9. Bravo, bravo, bravo! I think this is exactly right -- just perfect. And let me make explicit what is implicit in this, that a great online presence for the marque is key. Every younger person interested in a car is going to start by googling it. If they can easily find a website that has tons of information and seems to be a community, that is a huge draw for prospective owners.
  10. I'm in my 40s, and my sense is that most of the people my age in this hobby, at least that I meet, were born into it one way or another. Maybe someone in their family had an old car, or maybe someone in their family had auto repair skills that they passed on. Or ideally, both. But I think it definitely helps, both to make the old car hobby seem like a doable hobby and to give people a leg up on how to go about it. This is particularly common in the Packard Club, I've found. It seems like the majority of Packard Club members under 50 inherited or bought Packards that their family had earlier owned. It's not true of everyone, of course. Maybe around a third of the younger members just happen to like Packards. But I would guess that 2/3 or so of the younger members have a family Packard connection.
  11. They're really cool, everyone knows about them because of the Tucker movie, and only 48 were made. Other than that, it's just a supply and demand thing and explanations are hard.
  12. This thread from two years ago might be relevant:
  13. Agree 100%. I think what makes it hard for some people is the suspicion that other people have made a lot of money this way. If Joe down the street brags that he bought that Porsche 356 for 10K and sold it ten years later for 80K, then you start to think that you're a sucker if you're losing money. It doesn't help that there are some within the hobby who push the investment angle For example, the website of a classic car dealer that seems to have a lot of nice cars includes this passage: Exotic cars are not only immensely enjoyable to own, they can also be fine investments, with prices rising year after year. As [our company's] customer reviews will assure you, we provide top-notch service and premium quality cars to investment car buyers the world over. With 5 decades of experience, we truly are one of the best partners you can choose to help you find and purchase your next investment vehicle. Ugh.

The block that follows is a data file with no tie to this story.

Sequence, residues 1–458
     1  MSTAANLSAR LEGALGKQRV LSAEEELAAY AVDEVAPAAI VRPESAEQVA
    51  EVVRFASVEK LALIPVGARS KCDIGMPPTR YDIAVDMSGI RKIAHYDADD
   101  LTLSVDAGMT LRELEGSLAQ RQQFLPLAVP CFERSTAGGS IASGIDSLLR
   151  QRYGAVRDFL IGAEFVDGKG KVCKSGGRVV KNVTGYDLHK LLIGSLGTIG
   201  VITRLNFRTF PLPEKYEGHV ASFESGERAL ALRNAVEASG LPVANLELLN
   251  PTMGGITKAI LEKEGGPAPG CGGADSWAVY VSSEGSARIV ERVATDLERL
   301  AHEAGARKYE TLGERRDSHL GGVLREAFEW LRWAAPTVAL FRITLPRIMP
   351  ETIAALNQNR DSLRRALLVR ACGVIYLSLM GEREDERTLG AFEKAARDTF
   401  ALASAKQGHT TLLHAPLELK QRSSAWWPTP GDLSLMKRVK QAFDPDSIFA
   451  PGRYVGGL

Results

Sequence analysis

14. Another vote for www.MaxwellEnamels.com. Carla is great, and she did a fantastic job with my Packard horn button.
  15. Sometimes it seems like the antique car hobby has two problems: First, the younger generation doesn't care about cars, leading values to drop so our cars aren't worth what they used to be worth. And second, prices are so high that the average person has been priced out of the market and can't afford the cars.
  16. My sense is that the early 30s Packard open car market is relatively predictable, and that there's a set of buyers looking for those cars at the expected market range of prices. Of course, if your friend has to sell very quickly, or will do an auction without reserve, you never know. But if he has 2-3 months, he'll get a market price.. My sense, at least.
  17. Here's an interesting recent Motor Trend article, TESLA MODEL 3 VS. BMW 330I VS. GENESIS G70 COMPARISON: WHO BUILDS THE BEST COMPACT LUXURY SEDAN?" Motor Trend concluded that the best of the three was the Tesla. From the story: But it was the revolutionary driving experience that pushed it over the top. . . . . [T]he Model 3's real strength is its drivetrain. To no one's surprise, the Model 3 absolutely crushed it in straight-line acceleration: 0-60 whooshed by in only 4.0 seconds, and the quarter mile fell in 12.5 seconds at a speed of 113.1 mph. Proving it wasn't a one-trick electric pony, the Model 3 also bested the BMW on our figure-eight loop, despite wearing all-season tires. That electric drivetrain also provides the framework for the rest of this paradigm shift. The near-silent, rocket-like acceleration is only the first step. On our test runs out in the real world, one-pedal driving quickly became a matter of course. Lift off the accelerator, and regen instantly begins to slow the car. Time it right, and you can navigate through even heavy traffic with only an occasional feathering of the brake pedal. Walton was smitten. "Driving feels new and novel again. The way it re-introduces driving enthusiasm to a driving enthusiast is remarkable." The Tesla Model 3 wins this competition because it has thoroughly rewritten the rules of what a compact sport sedan can be.